The Supreme Court of Canada has provided some welcome guidance on the law of causation, with the release of its decision in Clements v. Clements, 2012 SCC 32.
As much as the Court insisted before that decision that there was only one test for factual causation, the cases actually articulated two tests: the “but for” test, and the “material contribution” test.
Proof that the Plaintiff’s damages would not have arisen “but for” the Defendant’s negligence has been the primary test for causation, but the Courts have continually stated that under certain circumstances, the Plaintiff can succeed by showing that the Plaintiff’s negligence “materially contributed” to the damages.
What that has meant, and when it applies has been the subject of some debate.
The Alberta Court of Appeal has upheld Alberta’s Minor Injury Regulations, capping general damages in motor vehicle accident litigation at $4,000. The Court released its decision in Morrow v. Zhang, the litigation challenging Alberta’s Minor Injury Regulations, on June 12, 2009.
In the meantime, the ruling by the Nova Scotia Supreme Court in Hartling et al v. Nova Scotia is expected to be heard in the Nova Scotia Court of Appeal in October 2009.
An interesting take on Alberta’s decision can be found here.
Hemeon v. District of West Hants, 2008 NSSC 234 examines the interplay between section 69.4 of Canada’s Bankruptcy and Insolvency Act, R.S.C. 1985, c. B-3 (the “BIA”), and section 28 of Nova Scotia’s Insurance Act, R.S.N.S. 1989, c. 231.
The BIA provides for an automatic stay of proceedings in all litigation against a person who makes an assignment in bankruptcy, but then permits that stay to be lifted if the applicant can demonstrate that it will be “materially prejudiced” by the stay, or that lifting the is “equitable on other grounds”.
The Insurance Act provides that if a person obtains judgment against another for which there is insurance, and execution against the judgment debtor is returned unsatisfied, then the judgment creditor can bring the same action against the insurer, and the insurer will be liable up to the face value of the policy.
Although the case is based on Nova Scotia legislation, most provincial insurance legislation contains provisions similar to those interpreted in this case.
In a decision handed down February 1, 2008, the Federal Court of Appeal ruled that an insured sent for an independent medical examination by his long-term disability benefits insurer is entitled to access the medical examiner’s handwritten notes in a dispute as to the insured’s continued eligibility to receive benefits.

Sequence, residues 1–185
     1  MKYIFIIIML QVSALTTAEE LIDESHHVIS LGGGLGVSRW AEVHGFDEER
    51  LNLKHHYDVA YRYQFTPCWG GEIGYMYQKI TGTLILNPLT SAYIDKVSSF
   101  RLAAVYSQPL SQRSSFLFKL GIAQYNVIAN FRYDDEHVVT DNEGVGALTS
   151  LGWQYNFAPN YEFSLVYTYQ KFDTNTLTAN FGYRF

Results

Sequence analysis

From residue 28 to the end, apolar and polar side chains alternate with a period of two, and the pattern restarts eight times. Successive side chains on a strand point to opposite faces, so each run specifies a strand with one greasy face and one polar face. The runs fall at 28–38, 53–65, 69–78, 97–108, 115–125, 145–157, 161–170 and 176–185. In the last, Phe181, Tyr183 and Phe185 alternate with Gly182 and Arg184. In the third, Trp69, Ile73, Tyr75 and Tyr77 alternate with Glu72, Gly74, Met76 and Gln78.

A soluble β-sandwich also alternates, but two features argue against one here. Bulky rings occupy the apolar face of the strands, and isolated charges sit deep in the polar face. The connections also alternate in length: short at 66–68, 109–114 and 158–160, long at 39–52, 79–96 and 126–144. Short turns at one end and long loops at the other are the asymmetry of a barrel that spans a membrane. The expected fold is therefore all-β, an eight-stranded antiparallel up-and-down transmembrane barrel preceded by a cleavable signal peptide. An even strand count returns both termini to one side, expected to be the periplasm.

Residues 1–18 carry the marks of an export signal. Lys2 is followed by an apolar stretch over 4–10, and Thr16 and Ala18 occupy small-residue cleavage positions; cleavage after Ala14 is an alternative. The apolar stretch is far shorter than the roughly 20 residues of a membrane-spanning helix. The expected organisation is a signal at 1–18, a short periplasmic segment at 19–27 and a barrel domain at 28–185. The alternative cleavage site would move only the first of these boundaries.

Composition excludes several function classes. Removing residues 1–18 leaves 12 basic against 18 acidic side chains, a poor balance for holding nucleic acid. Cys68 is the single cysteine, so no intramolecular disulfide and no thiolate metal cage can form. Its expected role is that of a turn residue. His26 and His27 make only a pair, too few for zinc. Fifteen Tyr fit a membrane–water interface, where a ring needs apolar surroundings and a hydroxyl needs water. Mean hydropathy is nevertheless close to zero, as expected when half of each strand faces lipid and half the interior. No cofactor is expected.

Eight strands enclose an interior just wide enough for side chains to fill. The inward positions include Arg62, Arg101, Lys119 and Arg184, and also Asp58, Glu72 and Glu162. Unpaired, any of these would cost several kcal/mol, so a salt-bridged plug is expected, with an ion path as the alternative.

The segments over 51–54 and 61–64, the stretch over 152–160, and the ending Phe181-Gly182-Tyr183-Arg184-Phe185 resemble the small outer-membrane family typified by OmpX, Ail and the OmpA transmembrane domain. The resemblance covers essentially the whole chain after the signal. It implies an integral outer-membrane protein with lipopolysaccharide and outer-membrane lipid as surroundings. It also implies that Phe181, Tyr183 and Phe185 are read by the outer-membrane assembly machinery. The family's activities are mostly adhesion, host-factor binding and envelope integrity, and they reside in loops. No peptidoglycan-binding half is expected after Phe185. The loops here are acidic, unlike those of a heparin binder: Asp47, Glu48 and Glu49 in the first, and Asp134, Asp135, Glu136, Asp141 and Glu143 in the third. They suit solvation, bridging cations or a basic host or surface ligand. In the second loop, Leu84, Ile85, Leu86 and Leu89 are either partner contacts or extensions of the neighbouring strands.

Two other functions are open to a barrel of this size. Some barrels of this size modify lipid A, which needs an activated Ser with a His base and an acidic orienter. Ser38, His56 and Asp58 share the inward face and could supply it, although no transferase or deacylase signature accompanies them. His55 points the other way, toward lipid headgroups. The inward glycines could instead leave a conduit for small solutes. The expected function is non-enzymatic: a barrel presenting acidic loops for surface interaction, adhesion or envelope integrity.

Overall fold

In Rousseau v. Canada (Privacy Commissioner), 2008 FCA 39 , the insured, Jacques Rousseau, had been receiving long-term disability benefits from Maritime Life. A dispute arose as to his continued eligibility, and Maritime Life subjected Mr. Rousseau to an independent medical examination (IME) in accordance with the terms of its policy. Dr. Jeffrey Wyndowe performed the IME. The purpose and nature of the IME was explained to Mr. Rousseau, and he signed a consent form permitting disclosure of the doctor’s report to Manulife.
Based on the report, Manulife terminated Mr. Rousseau’s long-term disability benefits.
Manulife provided Mr. Rousseau with a copy of the report at Mr. Rousseau’s request, however it did not have access to the doctor’s notes. Dr. Wyndowe refused to provide a copy of the notes to Mr. Rousseau.
Mr. Rousseau eventually applied to the federal Office of the Privacy Commissioner with respect to the doctor’s refusal, and the complaint was allowed, with the Commissioner recommending the release of the notes. Dr. Wyndowe refused.
Mr. Rousseau applied further to the Federal Court Trial Division pursuant to s. 14 of the Personal Information Protection and Electronic Documents Act, S.C. 2000, c. 5. Mr. Justice Teitelbaum granted Mr. Rousseau’s application, and Dr. Wyndowe appealed to the Federal Court of Appeal.
Decary, J.A. reasoned that notes made by a doctor in the course of an IME made at the request of an insurance company falls within the purview of “commercial activity” by the insurance company and is therefore subject to the Act. In addition, personal health information is a subset of “personal information”. Notes taken by a doctor in the course of an IME are clearly personal health information, and therefore subject to disclosure upon application by the person about whom they pertain.